Although we are looking for a maturational age of at least 12-13 years, we have some extremely motivated 10 and 11 year old patients who have done well with contact lenses. The typical successful younger patient is acquainted with the regimentation of an athletic or performing arts program and actually needs contact lenses to continue participation at an advanced level.

What is an appropriate age for starting contact lenses?

On the other hand, we have patients who are 19-20 years old who are having problems with their contacts because of inadequate hygiene or overuse. For successful contact lens wear, regimentation and meticulous hygiene are more important than the age of the patient.

Youngsters who are sloppy with their glasses may break frames and scratch lenses. Patients who are sloppy with contact lenses can create serious eye infections leading to loss of vision. The reliable patient understands that a lens must not be used in an irritated eye (even if there is a big social or sporting event that day) and that help should be sought if irritation continues. Less mature patients have a higher incidence of lost or torn lenses and eye infections.

Almost any eye (even in patients with thick glasses) can be fit with contact lenses. The appropriate age is, ultimately, a family decision. If you are insecure in this decision, please feel free to discuss it with Dr. Keys.

How do we get contact lenses?

If you decide to have our office dispense contact lenses, we will proceed as follows:
1. After your child’s annual eye exam, make an appointment for a Contact Lens Fitting. About one hour will be spent trying on contact lenses and taking additional eye measurements. Your child will have an opportunity to see what lenses are all about before you actually make the purchase. Lenses are ordered that day.

2. One to two weeks later, during a Contact Lens Training, approximately one hour is spent with verbal and written instruction. Before taking lenses home, the patient must demonstrate their ability to successfully instill, remove, and clean their own lenses.

3. To ensure proper eye health, corneal adaptation, and patient compliance, follow up visits are scheduled after dispensing the lenses. Typically these visits occur one week and then one month or a few months later. Occasionally, additional visits are needed during the first 3 months of wear. These additional visits will be included in your initial contact lens package price.

4. Steps 1, 2, and 3 are all included in the initial contact lens package price. Call for more specific details about pricing and payment plans.

What if we want to get lenses elsewhere?

Contact lenses are sold at a variety of retail outlets. Unfortunately, our office sees the complications from contact lenses fit elsewhere. Although contact lens fitters at retail stores may be addressed as “doctor” they are not M.D.’s or ophthalmologists. If your child has a complication you will not want to call the contact lens salesperson at “Elsewhere Discount Optical” for emergency treatment.

Also, note that few, if any, contact lens practitioners support the vigorous and necessary fitting and follow up schedule as outlined above. However, if you choose to go elsewhere, simply take your child’s eyeglass prescription to the contact lens store and have them do the fitting and dispensing. We cannot give you a specific prescription for contact lenses because the prescription is not finalized until complete fitting and follow up determines the safety of a specific contact fit and design. We cannot assume responsibility for contact lenses fit elsewhere.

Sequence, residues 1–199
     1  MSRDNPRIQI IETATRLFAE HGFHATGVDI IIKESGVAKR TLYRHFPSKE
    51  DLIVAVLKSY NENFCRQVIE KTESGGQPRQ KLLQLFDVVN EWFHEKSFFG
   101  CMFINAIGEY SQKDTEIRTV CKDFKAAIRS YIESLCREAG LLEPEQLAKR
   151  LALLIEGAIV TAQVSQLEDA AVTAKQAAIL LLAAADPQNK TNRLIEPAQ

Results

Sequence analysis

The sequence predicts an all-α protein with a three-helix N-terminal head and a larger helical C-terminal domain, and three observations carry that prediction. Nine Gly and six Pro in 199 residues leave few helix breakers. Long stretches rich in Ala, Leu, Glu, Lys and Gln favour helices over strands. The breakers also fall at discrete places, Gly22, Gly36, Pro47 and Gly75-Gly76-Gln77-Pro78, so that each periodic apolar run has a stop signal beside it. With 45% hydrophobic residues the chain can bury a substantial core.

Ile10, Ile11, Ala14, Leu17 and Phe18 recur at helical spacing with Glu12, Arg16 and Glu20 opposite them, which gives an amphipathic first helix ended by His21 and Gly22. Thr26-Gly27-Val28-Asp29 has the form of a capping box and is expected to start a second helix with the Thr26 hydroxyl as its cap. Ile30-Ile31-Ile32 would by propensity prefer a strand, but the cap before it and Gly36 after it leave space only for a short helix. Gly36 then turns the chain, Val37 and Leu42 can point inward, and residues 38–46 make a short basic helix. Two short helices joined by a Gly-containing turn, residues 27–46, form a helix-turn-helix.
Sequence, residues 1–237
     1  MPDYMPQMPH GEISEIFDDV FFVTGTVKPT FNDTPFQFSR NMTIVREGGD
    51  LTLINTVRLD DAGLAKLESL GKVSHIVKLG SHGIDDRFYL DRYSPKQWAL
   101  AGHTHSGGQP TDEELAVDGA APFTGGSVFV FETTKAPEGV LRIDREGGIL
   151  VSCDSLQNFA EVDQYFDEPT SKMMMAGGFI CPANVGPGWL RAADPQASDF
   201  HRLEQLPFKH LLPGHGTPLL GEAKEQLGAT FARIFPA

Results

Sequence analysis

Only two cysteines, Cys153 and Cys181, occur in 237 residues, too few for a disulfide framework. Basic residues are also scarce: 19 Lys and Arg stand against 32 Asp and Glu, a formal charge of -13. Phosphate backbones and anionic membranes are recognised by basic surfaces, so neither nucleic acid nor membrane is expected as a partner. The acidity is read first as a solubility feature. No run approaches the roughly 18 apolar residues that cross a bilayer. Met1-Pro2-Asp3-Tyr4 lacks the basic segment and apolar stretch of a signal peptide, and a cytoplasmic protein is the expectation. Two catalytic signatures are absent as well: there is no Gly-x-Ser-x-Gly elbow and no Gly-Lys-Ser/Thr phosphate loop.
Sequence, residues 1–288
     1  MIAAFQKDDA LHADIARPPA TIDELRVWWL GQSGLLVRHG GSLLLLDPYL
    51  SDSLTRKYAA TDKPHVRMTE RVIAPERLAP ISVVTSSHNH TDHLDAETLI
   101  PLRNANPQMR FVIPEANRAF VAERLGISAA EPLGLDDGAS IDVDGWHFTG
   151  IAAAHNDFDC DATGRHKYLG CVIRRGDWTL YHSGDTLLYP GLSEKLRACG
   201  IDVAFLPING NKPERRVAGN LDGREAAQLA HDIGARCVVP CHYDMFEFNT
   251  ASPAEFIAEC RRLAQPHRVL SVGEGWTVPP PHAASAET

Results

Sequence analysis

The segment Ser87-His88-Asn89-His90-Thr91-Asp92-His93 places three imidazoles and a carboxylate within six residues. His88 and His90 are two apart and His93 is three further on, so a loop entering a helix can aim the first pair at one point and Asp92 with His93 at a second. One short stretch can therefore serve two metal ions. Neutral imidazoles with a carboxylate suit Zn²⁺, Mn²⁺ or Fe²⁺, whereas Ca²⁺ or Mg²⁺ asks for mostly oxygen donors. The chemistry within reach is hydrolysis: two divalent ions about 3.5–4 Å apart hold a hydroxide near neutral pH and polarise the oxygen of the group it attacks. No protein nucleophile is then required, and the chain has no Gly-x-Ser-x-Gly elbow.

What types of lenses are best?

Hardly a month goes by without the announcement of a new type of contact lens. We are continually evaluating the latest developments of disposable soft contact lenses that work best in a young active population. The choice of lens materials is based on a balance of optics, comfort, durability, resistance to deposits, oxygen transmission, etc. We have lenses that vary from daily disposable to three-month custom made lenses. If you have a preference for a specific type of lens please let us know before the first fitting.

Who is not a candidate for contact lenses?

Indecisive children who are being strongly urged by well-meaning family and friends seldom do well with contact lenses.
Motivation is a key factor in successful contact lens wear.

Severe ocular allergies may limit or prevent the use of contact lenses during allergy season. Milder allergies can be managed by limiting wearing time, using daily disposable lenses, and/or prescribing allergy eye drops.

Some eye phobias may make contact lens use impossible. Milder phobias can be conquered.

Why does my child need a complete eye exam before beginning the contact lens fitting process?

A recent routine eye exam must be completed before contact lenses can be considered because as children grow their eyes and vision change. Last year’s measurements are not accurate for determining the correct prescription for contacts. The complete eye exam fee is not related to, and not included in, the contact lens package price.

What if my child has difficulty learning how to use contacts?

Your child will be taught how to instill and remove contact lenses during the Contact Lens Fitting appointment (the first appointment in the series). Occasionally, because this is a new skill, some patients are not completely comfortable or successful with putting contacts into their own eyes. In these cases, if the patient wants to continue, we ask that you return for a second fitting appointment for additional instruction and practice.

No contact lenses will be ordered until the patient can demonstrate that they are comfortable with touching their eyes and handling the lenses. There will be a charge for this additional fitting appointment, but the payment will be applied to the entire contact lens package price if lenses are ordered.